Spooning with Paul Clemens’s Beast Within

October 7, 2015 — I became friends with Paul Clemens because of Edgar Allan Poe. Paul’s a Poe collector and co-wrote Edgar Allan Poe: Once Upon a Midnight, a one-man stage play that was performed internationally by John Astin. I caught the act years ago, and had seen Paul’s name on the byline, but it wasn’t until Paul contacted me out of the blue after the publication of Poe-Land to talk some Poe that I connected him to another passion of mine: Horror movies. Turns out, Paul is the star of the 1982 flick, The Beast Within.



The movie’s difficult to summarize. Let me show you: A teenage boy possessed by his mother’s cicada-monster rapist undergoes a murderous puberty in a small Mississippi town. The movie, directed by Philippe Mora, represents the early genre efforts of writer Tom Holland, who would go on to write Psycho II and then write and direct Child’s Play and Fright Night, as well as makeup artist Thomas R. Burman, who would later throw an application brush at everything from The Goonies to Scrooged to Godfather III.

Of course, I wanted to take advantage of Paul’s friendliness to interview him for the Halloween blog. Even if it was over a 33-year-old film. Maybe especially because of that. Turns out, the timing was perfect because he is part of a recently launched Kickstarter project for another genre movie, Ginosaji, which, believe it or not, is harder to summarize than The Beast Within. I called him up at his home in West L.A. from my temporary digs in Salem to get at both flicks.

JWO: You’re from L.A., your mom, Eleanor Parker, was a famous, multi-Oscar-nominated actress. You obviously had movies in your blood and bones, and you started acting from a young age, but The Beast Within was your first horror movie, right?

PC: Yes, indeed, my first horror film. I guess I was in my early 20s during its filming.

JWO: Were you into horror at all?

PC: Oh, I was one of those 1960s monster kinds who grew up with Famous Monsters of Filmland magazine. I even got to write for them as a teenager and had a portfolio of pencil and pen-and-ink drawings I did of The Exorcist published there, since the studio wasn’t issuing photos at time.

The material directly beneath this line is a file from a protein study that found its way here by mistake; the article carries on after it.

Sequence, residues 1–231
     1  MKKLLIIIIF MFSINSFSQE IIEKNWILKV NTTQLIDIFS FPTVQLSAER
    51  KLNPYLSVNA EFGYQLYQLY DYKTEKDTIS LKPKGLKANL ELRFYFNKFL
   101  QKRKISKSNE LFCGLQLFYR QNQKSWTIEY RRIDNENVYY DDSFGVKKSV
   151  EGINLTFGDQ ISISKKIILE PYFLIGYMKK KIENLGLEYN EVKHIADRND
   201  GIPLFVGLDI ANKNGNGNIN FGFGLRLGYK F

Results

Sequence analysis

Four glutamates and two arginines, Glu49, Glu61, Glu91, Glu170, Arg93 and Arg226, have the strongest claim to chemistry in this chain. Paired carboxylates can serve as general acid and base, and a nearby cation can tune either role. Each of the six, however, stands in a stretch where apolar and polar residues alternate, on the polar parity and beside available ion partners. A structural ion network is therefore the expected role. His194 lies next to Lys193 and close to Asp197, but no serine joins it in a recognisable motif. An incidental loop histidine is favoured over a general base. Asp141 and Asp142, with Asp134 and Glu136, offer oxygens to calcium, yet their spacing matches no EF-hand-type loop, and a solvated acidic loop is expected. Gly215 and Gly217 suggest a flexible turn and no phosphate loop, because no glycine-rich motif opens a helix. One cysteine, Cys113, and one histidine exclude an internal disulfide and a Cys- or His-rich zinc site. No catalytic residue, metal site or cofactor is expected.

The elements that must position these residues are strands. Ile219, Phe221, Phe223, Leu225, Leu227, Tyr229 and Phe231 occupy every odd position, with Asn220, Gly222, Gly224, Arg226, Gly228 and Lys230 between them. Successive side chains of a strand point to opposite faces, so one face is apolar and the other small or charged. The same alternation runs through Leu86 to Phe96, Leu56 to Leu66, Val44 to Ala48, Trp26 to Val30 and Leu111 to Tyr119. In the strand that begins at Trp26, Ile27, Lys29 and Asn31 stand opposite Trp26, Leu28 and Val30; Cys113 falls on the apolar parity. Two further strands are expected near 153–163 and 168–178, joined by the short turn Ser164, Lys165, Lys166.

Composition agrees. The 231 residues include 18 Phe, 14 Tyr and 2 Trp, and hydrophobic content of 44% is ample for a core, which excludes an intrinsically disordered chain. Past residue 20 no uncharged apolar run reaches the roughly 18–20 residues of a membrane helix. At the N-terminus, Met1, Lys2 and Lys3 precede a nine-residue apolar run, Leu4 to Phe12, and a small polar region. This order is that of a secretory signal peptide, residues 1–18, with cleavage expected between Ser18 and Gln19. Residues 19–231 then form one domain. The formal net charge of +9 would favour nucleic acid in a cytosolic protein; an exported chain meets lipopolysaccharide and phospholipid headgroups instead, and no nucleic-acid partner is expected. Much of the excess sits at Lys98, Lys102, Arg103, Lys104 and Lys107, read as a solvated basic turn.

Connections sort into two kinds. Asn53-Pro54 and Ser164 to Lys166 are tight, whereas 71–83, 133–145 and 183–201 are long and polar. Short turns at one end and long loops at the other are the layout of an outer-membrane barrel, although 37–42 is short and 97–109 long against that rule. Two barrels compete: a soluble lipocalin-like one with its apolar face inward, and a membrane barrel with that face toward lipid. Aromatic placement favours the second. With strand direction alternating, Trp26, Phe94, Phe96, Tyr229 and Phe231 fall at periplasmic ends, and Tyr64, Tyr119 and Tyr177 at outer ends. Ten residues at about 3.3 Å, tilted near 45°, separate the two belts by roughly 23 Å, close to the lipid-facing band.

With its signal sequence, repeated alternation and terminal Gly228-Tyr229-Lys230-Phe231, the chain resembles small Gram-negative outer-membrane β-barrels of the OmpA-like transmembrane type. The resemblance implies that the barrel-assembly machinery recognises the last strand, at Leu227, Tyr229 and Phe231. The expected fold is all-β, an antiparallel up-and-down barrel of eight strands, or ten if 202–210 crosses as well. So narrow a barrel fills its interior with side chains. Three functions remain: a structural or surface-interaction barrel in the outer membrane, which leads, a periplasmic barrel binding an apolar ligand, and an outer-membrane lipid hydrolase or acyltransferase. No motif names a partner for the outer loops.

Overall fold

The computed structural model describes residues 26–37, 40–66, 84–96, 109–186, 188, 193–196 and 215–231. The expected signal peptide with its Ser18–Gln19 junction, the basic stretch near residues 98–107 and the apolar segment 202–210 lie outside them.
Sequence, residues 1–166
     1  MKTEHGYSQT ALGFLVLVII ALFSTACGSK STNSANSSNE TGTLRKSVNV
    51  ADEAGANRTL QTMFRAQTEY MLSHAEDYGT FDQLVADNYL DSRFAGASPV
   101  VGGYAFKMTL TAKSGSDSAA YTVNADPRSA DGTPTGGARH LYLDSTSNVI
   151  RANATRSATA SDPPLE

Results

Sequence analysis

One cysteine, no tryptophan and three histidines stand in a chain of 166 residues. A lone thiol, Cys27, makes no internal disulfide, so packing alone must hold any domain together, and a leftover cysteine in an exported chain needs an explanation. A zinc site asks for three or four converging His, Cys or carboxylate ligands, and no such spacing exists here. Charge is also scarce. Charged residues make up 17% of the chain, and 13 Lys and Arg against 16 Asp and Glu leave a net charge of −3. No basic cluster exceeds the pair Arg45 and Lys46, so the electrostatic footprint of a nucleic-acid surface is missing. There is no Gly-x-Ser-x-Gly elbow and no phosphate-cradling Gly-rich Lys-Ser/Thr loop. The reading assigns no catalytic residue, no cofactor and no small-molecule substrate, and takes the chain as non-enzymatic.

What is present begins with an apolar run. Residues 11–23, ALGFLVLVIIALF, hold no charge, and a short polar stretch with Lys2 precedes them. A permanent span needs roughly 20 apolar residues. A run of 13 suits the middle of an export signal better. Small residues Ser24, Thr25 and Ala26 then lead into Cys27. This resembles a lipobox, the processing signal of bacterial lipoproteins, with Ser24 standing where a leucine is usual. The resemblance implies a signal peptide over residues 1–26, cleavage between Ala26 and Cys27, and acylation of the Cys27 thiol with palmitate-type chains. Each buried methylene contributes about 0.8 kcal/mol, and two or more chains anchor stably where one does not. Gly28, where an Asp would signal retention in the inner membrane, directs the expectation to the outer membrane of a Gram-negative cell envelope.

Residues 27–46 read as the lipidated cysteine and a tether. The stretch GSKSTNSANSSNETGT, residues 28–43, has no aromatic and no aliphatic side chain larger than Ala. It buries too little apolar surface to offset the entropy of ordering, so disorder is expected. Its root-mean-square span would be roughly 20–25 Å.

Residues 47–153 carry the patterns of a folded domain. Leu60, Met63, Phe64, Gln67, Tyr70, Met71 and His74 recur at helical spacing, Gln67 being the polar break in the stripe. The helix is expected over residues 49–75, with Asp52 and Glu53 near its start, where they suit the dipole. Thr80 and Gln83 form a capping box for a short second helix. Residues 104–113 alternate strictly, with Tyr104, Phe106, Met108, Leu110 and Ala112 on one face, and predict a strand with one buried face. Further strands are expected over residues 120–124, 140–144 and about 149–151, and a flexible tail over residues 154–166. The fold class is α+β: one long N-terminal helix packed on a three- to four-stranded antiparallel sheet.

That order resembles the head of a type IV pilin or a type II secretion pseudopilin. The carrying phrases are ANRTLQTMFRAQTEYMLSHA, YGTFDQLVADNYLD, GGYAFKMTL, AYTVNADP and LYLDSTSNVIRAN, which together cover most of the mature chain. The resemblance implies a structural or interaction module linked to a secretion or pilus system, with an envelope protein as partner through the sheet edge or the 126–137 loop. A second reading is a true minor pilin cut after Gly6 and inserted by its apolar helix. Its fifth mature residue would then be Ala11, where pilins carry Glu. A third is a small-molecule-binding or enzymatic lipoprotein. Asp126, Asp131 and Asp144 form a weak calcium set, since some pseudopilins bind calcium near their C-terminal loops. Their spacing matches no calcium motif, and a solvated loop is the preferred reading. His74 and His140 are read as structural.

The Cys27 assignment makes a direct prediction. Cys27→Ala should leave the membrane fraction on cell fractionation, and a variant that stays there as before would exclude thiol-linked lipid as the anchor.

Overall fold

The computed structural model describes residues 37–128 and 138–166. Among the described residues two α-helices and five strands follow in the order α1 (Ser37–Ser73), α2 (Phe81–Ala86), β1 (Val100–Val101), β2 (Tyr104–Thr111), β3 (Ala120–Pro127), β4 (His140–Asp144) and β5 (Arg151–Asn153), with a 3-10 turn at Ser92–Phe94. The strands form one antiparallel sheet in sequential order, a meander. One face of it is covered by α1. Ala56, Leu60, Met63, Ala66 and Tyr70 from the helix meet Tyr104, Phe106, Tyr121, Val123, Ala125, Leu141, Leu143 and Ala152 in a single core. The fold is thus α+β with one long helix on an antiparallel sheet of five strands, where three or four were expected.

JWO: Wait, I don’t understand. You had access to the set?”

PC: No, I went with a camera of the theater and took photos of the screen. It was difficult back then. You had to get the shutter just right and half of my photos were between frames. I had to watch the film several times to get enough useable frames to work from.


JWO: That's great. So what do you remember most about working in Mississippi in the early 1980s?

PC: I remember it being freezing. I felt bad for the body double for Kitty Moffat at the end of the film. Here I was encased in the full, warm rubber suit and she’s basically naked. You could see steam rising from her body.

JWO: You worked with some great character actors on the film—Ronny Cox, Don Gordon, R.G. Armstrong, Logan Ramsey, pretty much everybody in the cast. What was that like, especially since you were the star of the film and only like 23 or 24.

PC: I had a ball, all the people were wonderful. The big problem on the film was just trying not to laugh during certain scenes. Like the kitchen scene. Logan Ramsey in his white tank top, fondling all that meat. Half that scene was improvised and unexpected. Here I was, trying to build up this murderous anger in the scene, while behind the cameras everybody’s convulsed in laughter.

JWO: And on top of that, you were playing three roles, a teenager, a teenager possessed by his dead father, and the monster itself.

PC: Yeah, I guess it was a triple role.

JWO: But to a Famous Monsters fan, the fun role must have been the monster, right?

PC: I enjoyed the challenge of playing the good and evil aspects of Michael, possessed and not possessed—that Jekyll and Hyde dynamic. But, of course, the kid in me gloried in wearing the full monster suit, which was a lot of fun. But it was sometimes hard, too. I had limited vision and hearing capabilities. Could barely be heard through this huge head full of mechanical parts. And Philippe’s trying to give me directions like “grab her breast,” “touch her here.” And I’m thinking, “This is so weird.”

JWO: Why were you in the suit? Why wasn’t it a stuntman?

PC: There was a stuntman suit, but I was in the hero suit, which was molded for my body. I still remember my stunt double, though. His name was Sorin Pricopie, and he was from Transylvania.

JWO: The movie has this weird vibe, where it’s brutal in places, but meanwhile some of the scenes are bizarre-funny and there are lighthearted horror references throughout. Like over the hospital loudspeaker at one point, you hear, “Dr. Van Helsing, please report to surgery” and the movie throws around Lovecraft references before it was really cool to do so.”

PC: Yeah, it is a brutal movie. It has kind of a grindhouse grittiness to it, even though it was a studio film. But at the same time it references a gentler horror time like the letterman’s jacket I wore, which was a direct reference to Michael Landon’s character in I Was a Teenage Werewolf. In my case, it was I was a Teenage Cicada.

JWO: Tell me about the infamous transformation scene.